“Thunderclap headache” may be the only symptom of subarachnoid hemorrhage, a form of stroke in which blood accumulates around the brain, often from a ruptured brain aneurysm. Headache with fever may be caused by meningitis, particularly if there is meningism (inability to flex the neck forward due to stiffness), and confusion may be indicative of encephalitis (inflammation of the brain, usually due to particular viruses). Headache that is worsened by straining or a change in position may be caused by increased pressure in the skull; this is often worse in the morning and associated with vomiting. Raised intracranial pressure may be due to brain tumors, idiopathic intracranial hypertension (IIH, more common in younger overweight women) and occasionally cerebral venous sinus thrombosis. Headache together with weakness in part of the body may indicate a stroke (particularly intracranial hemorrhage or subdural hematoma) or brain tumor. Headache in older people, particularly when associated with visual symptoms or jaw claudication, may indicate giant cell arteritis (GCA), in which the blood vessel wall is inflamed and obstructs blood flow. Carbon monoxide poisoning may lead to headaches as well as nausea, vomiting, dizziness, muscle weakness and blurred vision. Angle closure glaucoma (acute raised pressure in the eyeball) may lead to headache, particularly around the eye, as well as visual abnormalities, nausea, vomiting and a red eye with a dilated pupil.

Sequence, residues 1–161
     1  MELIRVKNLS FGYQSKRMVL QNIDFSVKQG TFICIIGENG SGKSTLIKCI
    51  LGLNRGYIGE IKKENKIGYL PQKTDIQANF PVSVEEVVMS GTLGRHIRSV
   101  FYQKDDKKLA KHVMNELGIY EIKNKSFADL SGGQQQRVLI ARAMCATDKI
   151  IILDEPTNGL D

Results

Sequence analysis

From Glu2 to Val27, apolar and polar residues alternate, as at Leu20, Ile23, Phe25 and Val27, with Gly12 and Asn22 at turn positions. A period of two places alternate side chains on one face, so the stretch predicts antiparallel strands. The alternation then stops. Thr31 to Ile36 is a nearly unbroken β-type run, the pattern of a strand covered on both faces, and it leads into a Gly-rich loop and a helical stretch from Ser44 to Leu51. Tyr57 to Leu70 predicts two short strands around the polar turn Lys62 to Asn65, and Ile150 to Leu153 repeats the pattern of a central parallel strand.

Origins and Classifications of Headaches

The brain itself is not sensitive to pain, because it lacks pain receptors. However, several areas of the head and neck do have nociceptors, and can thus sense pain. These include the extracranial arteries, large veins, cranial and spinal nerves, head and neck muscles and the meninges.